VAT probably wasn’t the first thing on your mind when you started your business. Between drawing in your first customers and handling the initial admin, there are plenty of other things for small business owners to think about.
But turnover can add up quickly once you’ve been established for a while, and before you know it, you could be nearing the £85,000 threshold for VAT registration.
Unfortunately, small business owners don’t always know exactly when they need to register for VAT under law, and those who are aware of the threshold sometimes hold their businesses back from going over it.
Here’s what you need to know – and why you don’t need to fear VAT.
Understanding the VAT system
To start with the basics, VAT stands for ‘value-added tax’. It’s a type of consumption tax, applied at each point in a supply chain where value is added to a product or service.
This isn’t like income tax or corporation tax, for example, which you pay on your business’s profit after expenses are deducted. In fact, technically speaking, you’re not being charged at all – your customers are.
Registering for UK VAT means you become responsible for collecting this tax from your sales on behalf of the Government.
This is generally done by adding an extra amount to your sales price, although some businesses choose to keep their prices the same and absorb the cost.
When do you need to register for VAT?
By law, you’re required to register when your VAT taxable turnover exceeds the threshold of £85,000 in any 12-month period.
Your VAT taxable turnover is the total value of everything you sell that is not exempt from VAT. (You can find a full list of VAT rates, including exemptions, here.)
You must register if either one of these scenarios apply:
- you expect your VAT-taxable turnover to be more than £85,000 in the next 30-day period, or
- your business had a VAT-taxable turnover of more than £85,000 in the last 12 months.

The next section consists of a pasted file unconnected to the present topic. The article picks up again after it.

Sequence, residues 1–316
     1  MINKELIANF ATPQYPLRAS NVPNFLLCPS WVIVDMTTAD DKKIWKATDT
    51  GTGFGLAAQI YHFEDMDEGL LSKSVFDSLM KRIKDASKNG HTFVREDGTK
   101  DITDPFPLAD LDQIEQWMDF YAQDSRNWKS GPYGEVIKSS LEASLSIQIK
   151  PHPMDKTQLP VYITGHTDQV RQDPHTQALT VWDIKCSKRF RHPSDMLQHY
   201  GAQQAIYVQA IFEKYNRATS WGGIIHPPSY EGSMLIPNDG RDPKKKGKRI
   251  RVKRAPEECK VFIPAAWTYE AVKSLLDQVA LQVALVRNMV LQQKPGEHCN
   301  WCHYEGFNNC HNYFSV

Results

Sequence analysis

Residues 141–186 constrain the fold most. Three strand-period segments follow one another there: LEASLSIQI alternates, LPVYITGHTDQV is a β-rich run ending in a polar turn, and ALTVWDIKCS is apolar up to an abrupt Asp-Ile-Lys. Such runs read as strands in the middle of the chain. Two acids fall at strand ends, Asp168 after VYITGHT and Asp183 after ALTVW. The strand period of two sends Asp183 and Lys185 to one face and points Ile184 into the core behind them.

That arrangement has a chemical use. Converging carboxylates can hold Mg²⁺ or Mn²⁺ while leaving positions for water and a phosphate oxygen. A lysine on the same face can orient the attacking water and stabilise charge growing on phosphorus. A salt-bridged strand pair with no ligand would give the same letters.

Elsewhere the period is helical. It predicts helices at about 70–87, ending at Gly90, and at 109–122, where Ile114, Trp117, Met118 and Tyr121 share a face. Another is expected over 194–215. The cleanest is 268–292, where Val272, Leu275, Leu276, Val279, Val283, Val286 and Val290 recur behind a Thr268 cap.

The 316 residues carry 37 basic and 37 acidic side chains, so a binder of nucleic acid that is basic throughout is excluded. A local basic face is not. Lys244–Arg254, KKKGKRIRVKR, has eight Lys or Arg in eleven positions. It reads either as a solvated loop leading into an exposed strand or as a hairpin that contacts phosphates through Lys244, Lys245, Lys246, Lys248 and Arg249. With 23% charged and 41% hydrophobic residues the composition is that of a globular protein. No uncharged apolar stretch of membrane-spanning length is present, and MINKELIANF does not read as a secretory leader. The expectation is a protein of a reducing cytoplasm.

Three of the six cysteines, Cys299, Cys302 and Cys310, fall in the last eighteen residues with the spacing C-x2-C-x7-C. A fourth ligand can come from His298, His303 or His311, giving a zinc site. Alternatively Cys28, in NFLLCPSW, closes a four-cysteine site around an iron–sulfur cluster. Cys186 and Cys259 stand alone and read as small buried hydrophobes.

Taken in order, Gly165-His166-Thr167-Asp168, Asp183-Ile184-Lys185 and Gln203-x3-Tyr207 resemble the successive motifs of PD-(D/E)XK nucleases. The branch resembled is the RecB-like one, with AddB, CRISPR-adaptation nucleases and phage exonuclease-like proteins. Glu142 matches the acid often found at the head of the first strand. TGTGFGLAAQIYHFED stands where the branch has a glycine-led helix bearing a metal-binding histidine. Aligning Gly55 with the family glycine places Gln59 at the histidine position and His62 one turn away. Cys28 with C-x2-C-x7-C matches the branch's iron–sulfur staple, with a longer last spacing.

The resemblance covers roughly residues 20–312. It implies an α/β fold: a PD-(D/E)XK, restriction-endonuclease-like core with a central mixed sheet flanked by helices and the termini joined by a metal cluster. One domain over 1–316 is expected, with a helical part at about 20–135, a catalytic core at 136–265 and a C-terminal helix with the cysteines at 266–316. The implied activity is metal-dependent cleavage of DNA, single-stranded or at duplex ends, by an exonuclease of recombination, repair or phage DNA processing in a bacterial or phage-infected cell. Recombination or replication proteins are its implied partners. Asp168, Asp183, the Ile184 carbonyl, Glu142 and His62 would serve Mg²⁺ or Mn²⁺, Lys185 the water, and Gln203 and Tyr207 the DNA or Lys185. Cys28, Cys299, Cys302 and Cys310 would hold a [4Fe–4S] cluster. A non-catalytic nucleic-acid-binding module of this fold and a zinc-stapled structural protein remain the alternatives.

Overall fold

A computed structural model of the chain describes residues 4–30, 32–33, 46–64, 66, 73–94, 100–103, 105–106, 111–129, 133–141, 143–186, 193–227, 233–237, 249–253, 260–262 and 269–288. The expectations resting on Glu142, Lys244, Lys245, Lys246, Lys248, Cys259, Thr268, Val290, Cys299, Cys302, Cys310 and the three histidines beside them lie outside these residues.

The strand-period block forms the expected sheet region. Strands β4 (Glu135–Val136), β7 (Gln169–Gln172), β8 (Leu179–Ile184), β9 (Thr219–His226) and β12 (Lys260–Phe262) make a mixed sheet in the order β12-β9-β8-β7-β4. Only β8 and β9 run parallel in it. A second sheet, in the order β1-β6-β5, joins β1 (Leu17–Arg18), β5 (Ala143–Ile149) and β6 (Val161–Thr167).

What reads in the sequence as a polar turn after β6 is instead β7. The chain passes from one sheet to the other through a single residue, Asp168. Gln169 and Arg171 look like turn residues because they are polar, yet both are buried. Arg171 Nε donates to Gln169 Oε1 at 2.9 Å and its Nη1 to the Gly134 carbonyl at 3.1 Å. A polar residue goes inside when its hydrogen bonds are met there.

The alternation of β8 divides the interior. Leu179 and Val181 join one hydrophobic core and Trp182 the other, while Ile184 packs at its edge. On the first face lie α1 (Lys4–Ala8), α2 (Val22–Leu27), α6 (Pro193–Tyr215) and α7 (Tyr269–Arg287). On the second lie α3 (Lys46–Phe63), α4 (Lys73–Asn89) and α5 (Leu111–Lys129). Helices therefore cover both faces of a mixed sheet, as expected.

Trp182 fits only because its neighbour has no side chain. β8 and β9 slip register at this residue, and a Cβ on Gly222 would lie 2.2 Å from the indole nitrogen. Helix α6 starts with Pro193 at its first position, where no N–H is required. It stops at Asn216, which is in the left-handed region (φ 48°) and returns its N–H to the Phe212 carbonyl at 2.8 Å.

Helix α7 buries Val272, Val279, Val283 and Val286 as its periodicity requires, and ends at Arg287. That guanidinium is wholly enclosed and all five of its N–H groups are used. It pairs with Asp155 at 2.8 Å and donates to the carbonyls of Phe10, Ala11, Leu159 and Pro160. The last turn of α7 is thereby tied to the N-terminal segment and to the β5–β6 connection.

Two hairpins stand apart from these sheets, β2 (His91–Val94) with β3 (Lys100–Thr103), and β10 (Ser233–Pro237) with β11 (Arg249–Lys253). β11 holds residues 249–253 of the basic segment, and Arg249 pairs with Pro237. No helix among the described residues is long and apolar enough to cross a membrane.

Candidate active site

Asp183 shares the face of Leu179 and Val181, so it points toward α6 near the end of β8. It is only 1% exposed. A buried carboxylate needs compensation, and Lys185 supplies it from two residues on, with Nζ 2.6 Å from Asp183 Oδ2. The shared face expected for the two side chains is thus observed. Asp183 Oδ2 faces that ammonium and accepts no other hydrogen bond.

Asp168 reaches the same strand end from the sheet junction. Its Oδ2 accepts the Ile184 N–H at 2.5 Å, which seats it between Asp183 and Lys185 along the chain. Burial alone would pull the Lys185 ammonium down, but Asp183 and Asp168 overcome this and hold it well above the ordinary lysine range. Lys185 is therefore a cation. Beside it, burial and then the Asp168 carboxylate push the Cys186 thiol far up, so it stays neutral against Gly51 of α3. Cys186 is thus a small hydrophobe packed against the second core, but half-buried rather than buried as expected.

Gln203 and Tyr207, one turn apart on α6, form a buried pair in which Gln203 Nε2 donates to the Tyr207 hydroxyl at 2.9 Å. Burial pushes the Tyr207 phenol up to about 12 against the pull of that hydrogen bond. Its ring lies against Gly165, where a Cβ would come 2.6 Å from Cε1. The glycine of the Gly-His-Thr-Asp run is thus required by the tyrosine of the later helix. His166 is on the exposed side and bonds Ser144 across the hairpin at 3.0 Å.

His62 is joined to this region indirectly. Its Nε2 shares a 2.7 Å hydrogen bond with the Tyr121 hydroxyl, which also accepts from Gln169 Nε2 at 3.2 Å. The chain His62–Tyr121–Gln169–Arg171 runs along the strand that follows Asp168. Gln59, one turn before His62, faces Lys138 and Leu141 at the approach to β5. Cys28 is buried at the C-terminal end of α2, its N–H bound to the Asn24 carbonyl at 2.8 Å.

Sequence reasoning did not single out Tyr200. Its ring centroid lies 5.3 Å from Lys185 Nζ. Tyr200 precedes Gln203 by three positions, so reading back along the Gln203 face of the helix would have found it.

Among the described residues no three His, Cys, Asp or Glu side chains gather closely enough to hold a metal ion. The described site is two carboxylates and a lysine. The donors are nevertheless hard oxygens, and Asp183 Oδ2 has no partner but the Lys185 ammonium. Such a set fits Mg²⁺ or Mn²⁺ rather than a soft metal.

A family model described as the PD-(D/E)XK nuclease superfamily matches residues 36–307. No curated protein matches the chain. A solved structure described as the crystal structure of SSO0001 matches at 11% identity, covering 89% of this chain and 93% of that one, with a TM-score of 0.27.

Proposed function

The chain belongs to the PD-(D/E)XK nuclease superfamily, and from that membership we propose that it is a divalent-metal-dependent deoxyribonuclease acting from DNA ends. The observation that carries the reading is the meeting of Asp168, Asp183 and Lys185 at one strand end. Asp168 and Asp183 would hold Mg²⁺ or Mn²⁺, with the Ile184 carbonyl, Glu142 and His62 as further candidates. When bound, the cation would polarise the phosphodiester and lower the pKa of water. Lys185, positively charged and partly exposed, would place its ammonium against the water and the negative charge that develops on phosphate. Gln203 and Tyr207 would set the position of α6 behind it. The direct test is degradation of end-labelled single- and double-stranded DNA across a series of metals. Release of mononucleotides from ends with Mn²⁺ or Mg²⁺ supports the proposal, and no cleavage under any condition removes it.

That second point is particularly important for small business owners.
Unlike many other tax thresholds, this doesn’t just apply to a particular tax or financial year – it refers to any 12-month period.
To ensure you don’t go over the threshold without realising it, you need to be checking your turnover at least every month.
Once registered, you’re required to charge the correct amount of VAT, following the rates and exemptions in the link above, and pay it to HMRC.
You’ll also be required to keep digital records and provide updates to HMRC under the rules for Making Tax Digital for VAT.
This currently applies if your taxable turnover is more than £85,000, but from 1 April 2022, all VAT-registered businesses will be included.
Why should you register for VAT?
Understandably, a lot of business owners are put off by those additional record-keeping and administrative responsibilities, as well as the risk that they could end up undercut by competitors that don’t have to factor VAT into their prices.
As a result, some choose to deliberately stifle their business’s growth so they stay just under the VAT-registration threshold. Others might look for alternative strategies, such as splitting their business into different parts.
In a 2017 report, the Office for Tax Simplification noted a significant number of businesses were taking the first option, also known as ‘bunching’, with data showing high numbers of businesses before the turnover threshold and a sharp drop-off after it.
Holding your business back from a higher turnover, whether that’s by turning down a big contract or limiting the size of your team, is obviously not the best long-term strategy if you have the potential to grow.
And the second option, known as ‘disaggregation’, is dangerous territory to get into if your main concern is VAT.
While there may be legitimate reasons to split up your business, HMRC views this as tax avoidance if you’re doing it artificially, and may compulsorily register you for VAT.
What’s more, your case could be treated as late registration if you’ve been operating this way for some time, which means HMRC can demand VAT in arrears for up to 20 years and penalties may apply.
Plus, it’s not all bad news. Registering for VAT comes with some benefits, the main one being that it allows you to reclaim VAT on your own expenses.
When your business purchases supplies from another VAT-registered business, you’re paying VAT to them as part of that transaction.
Once you’re registered for VAT, you can start offsetting those costs against your VAT bill.
This can help you to recoup some costs, and in some cases, it might even be beneficial to voluntarily register before you hit the VAT-registration threshold.
Whatever your circumstances, getting advice from an expert is the best way to ensure all your VAT obligations are met.
Don’t struggle alone – get in touch for support with VAT returns and registrations.